De novo donor-specific HLA antibodies are associated with early and high-grade bronchiolitis obliterans syndrome and death after lung transplantation.J Heart Lung Transplant. 2014 Dec; 33(12):1288-94.JH
The development of human leukocyte antigen (HLA) antibody responses has been associated with worse clinical outcomes, such as bronchiolitis obliterans syndrome (BOS) and death, in lung transplant recipients (LTRs). However, the role of donor-specific HLA antibody (DSA) responses as a risk factor for poor outcomes remains controversial.
We prospectively screened 445 LTRs for DSA at our institution at the time of surveillance bronchoscopies for the first 2 years after transplantation between 2003 and 2008, and evaluated clinical outcomes. For this purpose, we used the combination of panel-reactive antibodies (PRA) by enzyme-linked immunosorbent assay (ELISA) and the Luminex single-antigen bead (SAB) assay (One Lambda, Canoga Park, CA).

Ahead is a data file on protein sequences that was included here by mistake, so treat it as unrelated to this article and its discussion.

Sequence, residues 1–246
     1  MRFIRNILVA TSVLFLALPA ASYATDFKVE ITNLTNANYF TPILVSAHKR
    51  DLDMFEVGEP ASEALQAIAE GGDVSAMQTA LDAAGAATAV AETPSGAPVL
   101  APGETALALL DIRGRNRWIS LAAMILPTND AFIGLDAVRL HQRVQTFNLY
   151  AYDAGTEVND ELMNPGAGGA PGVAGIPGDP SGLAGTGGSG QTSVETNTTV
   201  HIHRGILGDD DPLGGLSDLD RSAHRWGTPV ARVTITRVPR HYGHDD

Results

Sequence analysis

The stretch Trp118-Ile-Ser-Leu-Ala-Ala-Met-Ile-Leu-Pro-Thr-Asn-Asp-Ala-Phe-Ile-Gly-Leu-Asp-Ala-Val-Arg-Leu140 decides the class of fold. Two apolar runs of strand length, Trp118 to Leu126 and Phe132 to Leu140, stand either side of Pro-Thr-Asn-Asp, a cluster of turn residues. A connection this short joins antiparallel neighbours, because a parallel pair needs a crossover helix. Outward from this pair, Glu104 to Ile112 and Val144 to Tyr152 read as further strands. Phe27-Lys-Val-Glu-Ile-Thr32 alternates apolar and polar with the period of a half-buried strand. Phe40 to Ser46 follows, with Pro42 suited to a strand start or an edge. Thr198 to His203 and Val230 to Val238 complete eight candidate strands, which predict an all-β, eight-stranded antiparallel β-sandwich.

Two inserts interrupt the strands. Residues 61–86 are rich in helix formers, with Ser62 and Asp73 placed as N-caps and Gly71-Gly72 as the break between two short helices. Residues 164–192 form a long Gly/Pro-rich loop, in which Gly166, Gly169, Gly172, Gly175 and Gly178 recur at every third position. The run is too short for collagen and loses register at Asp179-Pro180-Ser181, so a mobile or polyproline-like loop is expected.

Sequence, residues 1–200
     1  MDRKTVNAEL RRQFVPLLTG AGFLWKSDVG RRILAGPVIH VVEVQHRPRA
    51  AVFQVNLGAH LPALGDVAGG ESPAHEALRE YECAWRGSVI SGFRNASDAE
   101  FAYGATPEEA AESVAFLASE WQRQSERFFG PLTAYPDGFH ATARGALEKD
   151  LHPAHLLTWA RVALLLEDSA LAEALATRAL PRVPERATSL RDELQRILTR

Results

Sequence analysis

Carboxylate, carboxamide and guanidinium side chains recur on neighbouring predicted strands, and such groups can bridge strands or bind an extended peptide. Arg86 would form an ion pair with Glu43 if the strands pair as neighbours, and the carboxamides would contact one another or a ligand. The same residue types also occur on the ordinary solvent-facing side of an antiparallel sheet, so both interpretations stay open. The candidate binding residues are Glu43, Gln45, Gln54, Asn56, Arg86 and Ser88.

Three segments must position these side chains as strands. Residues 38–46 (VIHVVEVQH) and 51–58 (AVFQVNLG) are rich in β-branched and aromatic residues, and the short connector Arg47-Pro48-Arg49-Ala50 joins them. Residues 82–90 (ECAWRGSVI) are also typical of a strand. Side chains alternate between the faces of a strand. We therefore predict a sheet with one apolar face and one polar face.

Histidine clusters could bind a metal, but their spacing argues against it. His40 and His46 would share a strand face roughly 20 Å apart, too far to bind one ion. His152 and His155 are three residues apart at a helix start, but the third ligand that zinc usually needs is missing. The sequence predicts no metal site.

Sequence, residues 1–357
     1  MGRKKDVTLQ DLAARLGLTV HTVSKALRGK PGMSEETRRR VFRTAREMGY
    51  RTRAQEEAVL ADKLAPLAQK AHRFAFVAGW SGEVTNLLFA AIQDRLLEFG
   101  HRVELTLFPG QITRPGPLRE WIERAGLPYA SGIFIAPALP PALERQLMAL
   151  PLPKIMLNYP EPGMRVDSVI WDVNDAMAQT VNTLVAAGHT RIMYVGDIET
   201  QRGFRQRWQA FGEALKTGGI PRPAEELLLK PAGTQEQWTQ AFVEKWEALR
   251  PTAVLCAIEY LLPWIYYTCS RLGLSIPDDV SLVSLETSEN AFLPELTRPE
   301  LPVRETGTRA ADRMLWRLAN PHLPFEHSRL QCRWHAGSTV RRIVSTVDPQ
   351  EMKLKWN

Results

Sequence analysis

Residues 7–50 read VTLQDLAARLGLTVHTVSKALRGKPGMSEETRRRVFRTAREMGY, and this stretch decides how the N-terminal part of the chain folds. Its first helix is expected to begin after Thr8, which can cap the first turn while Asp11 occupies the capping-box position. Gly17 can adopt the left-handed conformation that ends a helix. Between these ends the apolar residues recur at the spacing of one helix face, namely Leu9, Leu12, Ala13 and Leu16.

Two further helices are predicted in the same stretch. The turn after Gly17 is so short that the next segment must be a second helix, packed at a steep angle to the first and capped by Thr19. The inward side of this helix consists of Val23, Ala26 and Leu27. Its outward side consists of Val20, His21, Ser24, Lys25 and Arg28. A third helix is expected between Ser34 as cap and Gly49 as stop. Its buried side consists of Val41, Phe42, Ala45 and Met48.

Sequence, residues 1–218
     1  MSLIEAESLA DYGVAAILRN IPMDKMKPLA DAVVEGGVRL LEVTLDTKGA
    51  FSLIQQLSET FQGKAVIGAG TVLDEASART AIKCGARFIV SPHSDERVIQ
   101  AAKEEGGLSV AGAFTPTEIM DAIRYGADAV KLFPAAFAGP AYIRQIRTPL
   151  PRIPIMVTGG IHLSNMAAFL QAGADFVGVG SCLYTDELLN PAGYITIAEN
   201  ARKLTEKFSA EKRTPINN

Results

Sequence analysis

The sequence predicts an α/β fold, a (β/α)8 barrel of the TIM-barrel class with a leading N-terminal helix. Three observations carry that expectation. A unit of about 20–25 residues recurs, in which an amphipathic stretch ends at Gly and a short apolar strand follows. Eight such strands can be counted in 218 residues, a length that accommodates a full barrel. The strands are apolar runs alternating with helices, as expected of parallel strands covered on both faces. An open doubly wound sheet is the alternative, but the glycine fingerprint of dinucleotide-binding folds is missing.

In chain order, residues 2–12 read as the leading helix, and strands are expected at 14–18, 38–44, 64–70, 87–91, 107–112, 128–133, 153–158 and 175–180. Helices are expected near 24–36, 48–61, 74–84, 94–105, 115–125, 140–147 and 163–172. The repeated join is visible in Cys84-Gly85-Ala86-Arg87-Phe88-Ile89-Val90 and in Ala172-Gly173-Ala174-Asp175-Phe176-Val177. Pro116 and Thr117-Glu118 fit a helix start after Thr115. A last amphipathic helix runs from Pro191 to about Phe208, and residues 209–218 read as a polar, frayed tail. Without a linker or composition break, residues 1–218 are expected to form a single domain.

We detected de novo DSA (dnDSA) in 58 of 445 (13%) LTRs in our cohort. Freedom from BOS was significantly reduced in LTRs with dnDSA versus those without dnDSA (p < 0.001). Using a Cox proportional hazards model, the development of dnDSA was associated with a significantly increased hazard ratio (HR = 6.59 [4.53 to 9.59]; p < 0.001) for BOS and high-grade BOS (Stage ≥ 2) (HR = 5.76 [3.48 to 9.52]; p < 0.001). Freedom from death was significantly reduced in LTRs with dnDSA (p < 0.001), including mortality attributable to BOS (HR = 9.86 [4.91 to 19.78]; p < 0.001).
Taken together, our findings provide evidence that dnDSA is associated with accelerated BOS kinetics and severity, as well as death due to BOS after lung transplantation. In addition, these data support regular monitoring for the development of dnDSA in LTRs and underscore the need for novel strategies to mitigate the increased risk of poor outcomes associated with dnDSA.